|The Cure – Fascination Street Lyrics||5 years ago|
I dont see the sex angle much at all besides the dpuble entendres some of you have mentioned.
I think it's about going out for the night, getting wrecked on booze & drugs and then taking in the craziness of people watching without a care in the world.
Someone said RS wrote it about New Orleans and if there was ever a city to get plastered and watch crazies, then that's it.
On the Entreat live album, RS introduced the song as being "where most of us have been for a good 12 weeks" (paraphrasing some there - Cockney accent can be tough to decipher). That sounds like a tour party of excess that they indulged in that whole tour in 87-88.
|John Prine – Angel From Montgomery Lyrics||5 years ago|
|Great song no doubt but I always wondered if the line about "there's flies in the kitchen, I can hear them buzzing" is inferring that her husband is dead - either she murdered him or he just keeled over (can also be said that a dead person has "nothing to say"). I doubt this was the intent of Prine but he leaves just enough ambiguity in the way he lays out the scene that you really don't know. Definitely a skill only better writers can flex.|
|Built to Spill – Randy Described Eternity Lyrics||5 years ago|
|@[eap2nn:15770] I believe it and makes perfect sense now. Thanks for sharing.|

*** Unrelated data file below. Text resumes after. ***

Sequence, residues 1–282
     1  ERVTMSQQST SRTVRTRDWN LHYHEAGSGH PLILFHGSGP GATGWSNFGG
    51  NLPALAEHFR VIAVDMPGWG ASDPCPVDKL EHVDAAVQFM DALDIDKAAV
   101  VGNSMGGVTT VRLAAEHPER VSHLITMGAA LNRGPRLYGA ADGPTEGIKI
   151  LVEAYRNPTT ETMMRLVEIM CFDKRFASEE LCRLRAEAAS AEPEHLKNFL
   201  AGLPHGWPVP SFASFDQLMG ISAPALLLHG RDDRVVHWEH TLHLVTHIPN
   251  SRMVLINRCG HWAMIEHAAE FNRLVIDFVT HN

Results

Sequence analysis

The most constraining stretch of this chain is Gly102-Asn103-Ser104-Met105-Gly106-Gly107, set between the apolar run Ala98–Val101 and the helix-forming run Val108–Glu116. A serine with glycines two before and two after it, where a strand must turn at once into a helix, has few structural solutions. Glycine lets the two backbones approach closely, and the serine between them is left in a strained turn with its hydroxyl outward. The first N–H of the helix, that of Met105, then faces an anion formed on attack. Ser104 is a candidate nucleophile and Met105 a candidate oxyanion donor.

|Phish – Round Room Lyrics||6 years ago|
@[Buddha:15002] of Suburbia
I was listening to this disc today and I also got a flash that it was about drugs - more specifically herb. At the end of the day Mike wants to smoke out and fall asleep in his now "round room". Also the line about how he can "float high" and him flying with his love - probably some allusions to lucid dreaming too.
I also think the "round church" and the "garden that's round" is a reference to Madison Square GARDEN (and maybe Hampton Coliseum too) where his "spirit is found".
There's definitely some love interest stuff in the last line - being in love is like being high.
Lastly, I think @[mattkid4:15003] is dead on with how it's a metaphor for the writing process as I have read they did record the album very close, together in a circle with no overdubs.
|Grateful Dead – Lost Sailor Lyrics||8 years ago|
I think ShivaX hits it on the head with it being mostly about acid casualties from back in the day. A lot of them just kept wandering (and wondering) without really getting any roots anywhere. That lack opportunities by sticking with one thing or of having someone close in your life is the "price for being free".
This is the second of Weir/Barlow's songs about those kinds of crazy guys that took a little too much too fast. Estimated Prophet is about the really out-there guys who used to want to talk to Bobby back stage about their ideas and it always this really intense trip that bordered on a religious experience for the spaced out guy.
I don't see the song being about Jerry and his bad habits as much. I think Feel Like A Stranger is closer to what Bobby was thinking about Jerry's descent into addiction and how it affected their relationship.
|Rush – Between The Wheels Lyrics||9 years ago|
Don't think that the drenching irony of bringing back this lost gem from the GUP album in 2005 (for the R30 Tour) and then for the Snakes & Arrows Tour was lost of a number of us paying attention here in the good ole US of A.
The lyrics practically describe what America has been living through in the last decade or so.